Urban Planning and Heritage Preservation - Regeneration
Economic transformation without robust spatial planning and inclusion policies has resulted in cities extending their footprints causing the deterioration of city centers, the expansion of low-density, poorly planned suburbia, and the emergence of underutilized former industrial areas. These challenges are even more pronounced given the resource limitations faced by cities
As the growing pace of transformation makes urban heritage particularly vulnerable, it has been adversely affected by these developments.
In situations of conflict and natural disaster, the loss of heritage can be severe, making its protection and preservation particularly challenging.
The preservation and valorization of historic and cultural heritage is a key opportunity for urban regeneration as both physical and immaterial aspects of heritage can be leveraged as development and economic opportunities.
Urban regeneration restores underutilized assets and redistributes opportunities, increasing urban prosperity and improving quality of life for all. This can strengthen the sense of place and identity and support urban inclusion.
In crisis or disaster situations urban heritage is a potentially powerful anchor for re-establishing communities and driving the reconstruction process.
Urban regeneration initiatives are complex, lengthy and run the risk of gentrifying private space or privatizing public space. Despite being area based, they are impacted by dynamics and trends at the city level and beyond and attract interest and resources from a broad range of investors and actors with different agendas which may be difficult to manage.
Heritage quality is often privatized rather than shared. Economic opportunities created by heritage and tourism may also impact negatively on local life, while preservation efforts may have contradictory results.
This session will:
Analyze the role of urban regeneration in preserving and restoring urban heritage and creating new economic and social development opportunities.
Explore how urban heritage can strengthen the sense of identity and contribute to community cohesion and inclusion beyond the neighborhood through broad participatory processes, thereby enriching both overall urban diversity and the city fabric.
The dialectic between heritage preservation and sustainable development is at the core of urban heritage regeneration and reconstruction. The common ground between often divergent approaches must be identified and tools developed to strengthen synergies between the two.
This will ensure that the diversity of the world’s urban physical and immaterial heritage contributes fully to the development of sustainable, vibrant and more equitable cities for all.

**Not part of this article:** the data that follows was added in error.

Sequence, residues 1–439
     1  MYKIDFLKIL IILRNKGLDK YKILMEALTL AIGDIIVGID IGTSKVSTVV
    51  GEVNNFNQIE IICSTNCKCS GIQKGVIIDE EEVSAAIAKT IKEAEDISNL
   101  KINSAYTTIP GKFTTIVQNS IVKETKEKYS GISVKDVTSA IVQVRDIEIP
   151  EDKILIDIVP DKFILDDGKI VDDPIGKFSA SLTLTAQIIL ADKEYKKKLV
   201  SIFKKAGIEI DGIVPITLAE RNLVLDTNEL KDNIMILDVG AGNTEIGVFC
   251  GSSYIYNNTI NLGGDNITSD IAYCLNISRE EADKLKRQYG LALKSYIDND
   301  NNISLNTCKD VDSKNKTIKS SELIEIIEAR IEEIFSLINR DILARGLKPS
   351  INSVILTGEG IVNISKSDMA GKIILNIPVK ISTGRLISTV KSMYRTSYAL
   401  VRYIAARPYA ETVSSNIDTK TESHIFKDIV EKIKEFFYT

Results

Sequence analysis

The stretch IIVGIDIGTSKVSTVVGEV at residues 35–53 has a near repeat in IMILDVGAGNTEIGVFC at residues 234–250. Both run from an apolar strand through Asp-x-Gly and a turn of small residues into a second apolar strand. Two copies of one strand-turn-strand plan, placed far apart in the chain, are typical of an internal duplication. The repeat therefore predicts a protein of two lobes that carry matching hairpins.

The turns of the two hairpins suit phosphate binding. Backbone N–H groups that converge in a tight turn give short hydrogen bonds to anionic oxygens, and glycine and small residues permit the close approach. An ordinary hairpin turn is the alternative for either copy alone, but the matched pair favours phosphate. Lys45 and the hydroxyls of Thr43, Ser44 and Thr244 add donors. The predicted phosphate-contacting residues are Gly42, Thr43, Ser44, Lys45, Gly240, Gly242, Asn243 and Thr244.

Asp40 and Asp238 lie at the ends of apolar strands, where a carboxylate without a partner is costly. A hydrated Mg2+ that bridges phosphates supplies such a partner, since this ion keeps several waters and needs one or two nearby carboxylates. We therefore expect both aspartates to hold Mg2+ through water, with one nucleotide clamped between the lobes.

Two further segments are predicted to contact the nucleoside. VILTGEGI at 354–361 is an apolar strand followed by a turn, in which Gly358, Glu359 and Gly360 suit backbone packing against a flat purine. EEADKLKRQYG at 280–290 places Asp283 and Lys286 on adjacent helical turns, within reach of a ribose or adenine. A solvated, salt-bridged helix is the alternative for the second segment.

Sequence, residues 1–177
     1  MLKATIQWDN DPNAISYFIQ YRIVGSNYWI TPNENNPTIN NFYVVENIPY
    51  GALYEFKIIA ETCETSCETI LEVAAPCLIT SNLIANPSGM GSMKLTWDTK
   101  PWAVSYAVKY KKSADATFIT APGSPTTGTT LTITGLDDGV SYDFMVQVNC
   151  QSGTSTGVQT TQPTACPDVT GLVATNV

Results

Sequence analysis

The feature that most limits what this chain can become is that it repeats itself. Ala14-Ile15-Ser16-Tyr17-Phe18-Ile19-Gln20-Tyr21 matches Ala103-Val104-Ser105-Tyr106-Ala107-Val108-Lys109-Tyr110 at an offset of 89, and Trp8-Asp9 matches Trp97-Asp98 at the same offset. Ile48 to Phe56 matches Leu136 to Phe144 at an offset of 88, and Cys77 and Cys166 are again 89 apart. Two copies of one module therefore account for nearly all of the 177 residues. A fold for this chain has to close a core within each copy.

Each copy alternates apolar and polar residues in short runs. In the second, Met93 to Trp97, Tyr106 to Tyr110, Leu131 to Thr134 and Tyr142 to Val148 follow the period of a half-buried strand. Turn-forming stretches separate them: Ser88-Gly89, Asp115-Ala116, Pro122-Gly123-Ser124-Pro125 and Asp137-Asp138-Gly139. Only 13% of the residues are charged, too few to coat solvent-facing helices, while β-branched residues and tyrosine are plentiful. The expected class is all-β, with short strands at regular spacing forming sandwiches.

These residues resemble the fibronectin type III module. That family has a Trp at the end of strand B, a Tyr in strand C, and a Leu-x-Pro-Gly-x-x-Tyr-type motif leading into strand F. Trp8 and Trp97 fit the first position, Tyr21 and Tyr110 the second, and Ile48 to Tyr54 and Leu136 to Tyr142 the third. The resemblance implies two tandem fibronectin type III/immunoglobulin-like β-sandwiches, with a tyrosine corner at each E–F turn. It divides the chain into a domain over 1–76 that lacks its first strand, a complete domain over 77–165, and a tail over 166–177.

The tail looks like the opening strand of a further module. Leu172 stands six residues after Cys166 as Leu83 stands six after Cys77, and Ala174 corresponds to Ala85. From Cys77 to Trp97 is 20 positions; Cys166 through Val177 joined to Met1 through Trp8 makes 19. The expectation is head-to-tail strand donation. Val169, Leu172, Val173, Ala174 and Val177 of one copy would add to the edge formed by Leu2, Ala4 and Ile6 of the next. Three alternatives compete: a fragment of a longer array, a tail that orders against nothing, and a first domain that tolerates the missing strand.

This session is a platform for the exchange of views on urban regeneration, heritage interventions, and regeneration planning methodologies.
It will seek solutions that strengthen relationships between partners from different backgrounds and areas of expertise in urban heritage preservation and urban regeneration.
- What are the key challenges posed by urban heritage preservation in regeneration and reconstruction processes, and which of the following approaches should be used to overcome them?
- Social inclusion and the stability of existing communities.
- Sustained preservation in the context of economic dynamism
- Resources mobilization
- Which institutional settings are appropriate for effective preservation and regeneration?
- Experience of cities (Seoul?)
- Experience of Regeneration and preservation agencies (Johannesburg)
- Experience of National Preservation and regeneration agencies
- Experiences of reconstruction agencies and projects (Iraq)
Is the context of reconstruction dramatically different?
- Institutional set up, actors to be involved, legislation and enforcement and the role of international actors (UN, others)
Planning processes and urban regeneration and preservation:
- There are some well-established planning practices for urban preservation and regeneration. How are these processes and instruments adjusting to different contexts?
- Participation in urban regeneration; regulatory and incentives-based approaches; strategic overview and coordination; catalytic interventions such as on public space or iconic buildings.
- How are these relevant in different contexts including in crisis where reconstruction is the key focus?
- SDG 11.4 highlights the need to allocate resources to heritage preservation. Is urban regeneration an adequate process to attract resources?
- Are sources of funding including local revenue and small-scale investments adequate?
- What is the missing link in the mobilization of resources and investments?